Oregon was nearly as successful in the men’s 1,500 where three runners made it through to Eugene. Patrick Todd was the runner-up in heat two, pulling clear of the field with two other runners just in front of a crash at the finish line. Todd, a senior from Dallas, who began his collegiate career at the University of Texas, crossed the line in 3:49.33.
Senior Matt Miner was ninth in that heat in 3:51.67 and did not advance.
In heat two, both Mac Fleet and Chad Noelle advanced in the faster of the two heats. As the leaders began to string things out on the final lap, the two Ducks stayed in the top five to claim two of the automatic spots. Fleet took fourth in 3:45.08, with Noelle 5th in 3:45.43.
Also in heat two, sophomore Colby Alexander was 10th in 3:47.72 and did not advance.
In the men’s 110 meter hurdles, Johnathan Cabral got out of the blocks quick and was clear of the field early to win his quarterfinal heat and advance in 13.47. That was just .02 off a legal best for the sophomore from Calabasas, Calif.
In the women’s 100 meter hurdles, Alyssa Monteverde was eighth in 13.83 as the freshman from Clovis, Calif., capped a solid freshman season.
Parker Stinson fell just short of moving on in the men’s 5,000. He finished ninth in 14:05.00 in heat two, while freshman Matthew Melancon was 21st in that heat in 14:59.16. However both runners qualified for the national meet in the 10,000 meters two days earlier. In heat one, freshman Jeramy Elkaim finished seventh in 14:16.63.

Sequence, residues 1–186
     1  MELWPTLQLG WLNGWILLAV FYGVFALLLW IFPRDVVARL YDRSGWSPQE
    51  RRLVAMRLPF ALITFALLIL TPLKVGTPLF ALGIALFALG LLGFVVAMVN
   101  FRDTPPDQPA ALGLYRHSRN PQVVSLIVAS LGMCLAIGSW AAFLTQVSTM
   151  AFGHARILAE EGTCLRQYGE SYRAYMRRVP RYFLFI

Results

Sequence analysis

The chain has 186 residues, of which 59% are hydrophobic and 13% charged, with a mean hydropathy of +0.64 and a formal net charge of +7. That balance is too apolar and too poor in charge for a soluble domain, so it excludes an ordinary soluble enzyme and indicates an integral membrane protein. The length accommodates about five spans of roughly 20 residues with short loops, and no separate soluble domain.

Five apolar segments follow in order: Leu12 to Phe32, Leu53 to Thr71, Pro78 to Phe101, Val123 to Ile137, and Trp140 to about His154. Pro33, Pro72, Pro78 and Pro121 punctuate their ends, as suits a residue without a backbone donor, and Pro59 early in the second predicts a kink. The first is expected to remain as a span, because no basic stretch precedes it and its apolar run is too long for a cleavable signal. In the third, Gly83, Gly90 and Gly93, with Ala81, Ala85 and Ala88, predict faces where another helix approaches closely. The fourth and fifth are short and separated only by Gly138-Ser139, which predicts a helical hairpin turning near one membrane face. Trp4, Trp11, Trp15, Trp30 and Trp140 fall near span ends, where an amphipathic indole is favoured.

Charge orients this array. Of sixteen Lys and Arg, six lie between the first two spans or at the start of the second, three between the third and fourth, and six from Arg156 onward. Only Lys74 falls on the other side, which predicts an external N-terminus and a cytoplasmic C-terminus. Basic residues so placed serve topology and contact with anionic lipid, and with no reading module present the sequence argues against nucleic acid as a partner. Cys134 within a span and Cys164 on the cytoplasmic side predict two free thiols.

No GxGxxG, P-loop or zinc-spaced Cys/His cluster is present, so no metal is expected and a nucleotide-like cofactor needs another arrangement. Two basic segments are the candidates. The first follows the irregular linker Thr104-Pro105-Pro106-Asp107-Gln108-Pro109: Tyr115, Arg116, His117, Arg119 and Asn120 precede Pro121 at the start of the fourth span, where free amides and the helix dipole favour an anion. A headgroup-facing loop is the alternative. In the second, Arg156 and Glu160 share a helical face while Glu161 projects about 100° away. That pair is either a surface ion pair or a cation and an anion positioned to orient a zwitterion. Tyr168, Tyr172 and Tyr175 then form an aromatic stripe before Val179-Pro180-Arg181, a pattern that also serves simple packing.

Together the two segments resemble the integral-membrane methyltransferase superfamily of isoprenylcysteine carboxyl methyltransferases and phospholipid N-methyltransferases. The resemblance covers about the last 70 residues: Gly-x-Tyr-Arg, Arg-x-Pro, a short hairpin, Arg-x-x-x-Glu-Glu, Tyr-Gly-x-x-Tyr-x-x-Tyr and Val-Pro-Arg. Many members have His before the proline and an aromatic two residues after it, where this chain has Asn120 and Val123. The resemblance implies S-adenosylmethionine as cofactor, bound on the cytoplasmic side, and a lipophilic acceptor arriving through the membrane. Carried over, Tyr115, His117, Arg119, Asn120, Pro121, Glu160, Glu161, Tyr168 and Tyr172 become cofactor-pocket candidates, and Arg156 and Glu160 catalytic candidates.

The field events were also fruitful for the Ducks.
Greg Skipper, Sam Crouser and Elizabeth Brenner used big throws in the field to advance to Eugene.
Crouser used a quick lightning strike on his first and only attempt in the men’s javelin to move on. The sophomore from Gresham, Ore., posted a mark of 257-7/78.53m to eventually finish third overall behind Sam Humphries of Texas A&M, who impressed with a throw of 268-8/81.90m., and Tim Glover of Illinois State (258-0/78.65m).
Knowing he had a trip to Eugene locked up, Crouser passed on his final five throws but not before posting a season best, as well as hitting his personal best mark in collegiate competition. His overall top throw, 265-1, came at the 2012 U.S. Olympic Trials.
Also in the javelin, Ethan Powell just missed the finals with a throw of 213-11/65.20m. The junior from Tenmile, Ore., had a strong finish to the 2013 season, placing 18th on Saturday after taking third at the Pac-12 meet two weeks ago.
Meanwhile, Skipper was sixth after the preliminary rounds of the men’s hammer before unleashing a thunder bomb in round four of 217-5/66.27m to jump to third in the final standings as the freshman from Oregon City, Ore., joined Crouser on the Ducks’ NCAA Championship team.
Brenner made it three throwers moving on to Eugene with a huge PR in the women’s javelin. The multi-sport star let loose a throw of 160-10/49.03m on her third attempt and that stood up for seventh overall. That was also the seventh best throw in school history for the freshman from Portland, Ore.
More impressively, in the span of 12 months Brenner will have competed in the NCAA volleyball national title game, the softball College World Series and the NCAA Track and Field Championships.
Also in the women’s javelin, freshman Annie Whitfield had a best throw of 132-2/40.28m and placed 42nd.
In other field events, Austin Ouderkirk finished his Oregon career on a high note by clearing a personal best 17-0.75/5.20m in the men’s pole vault on his third and final attempt. The senior from Newport, Ore., just missed on his third vault at 17-4.5, but still cleared 17-0 for the first time in his career. Ouderkirk finished 30th overall.
In the men’s triple jump, senior Tyler Pinkney had a best leap of 49-0.25/14.94m, while sophomore Trevor Ferguson went 45-10/13.98m. Pinkney finished 33rd overall, while Ferguson was 43rd.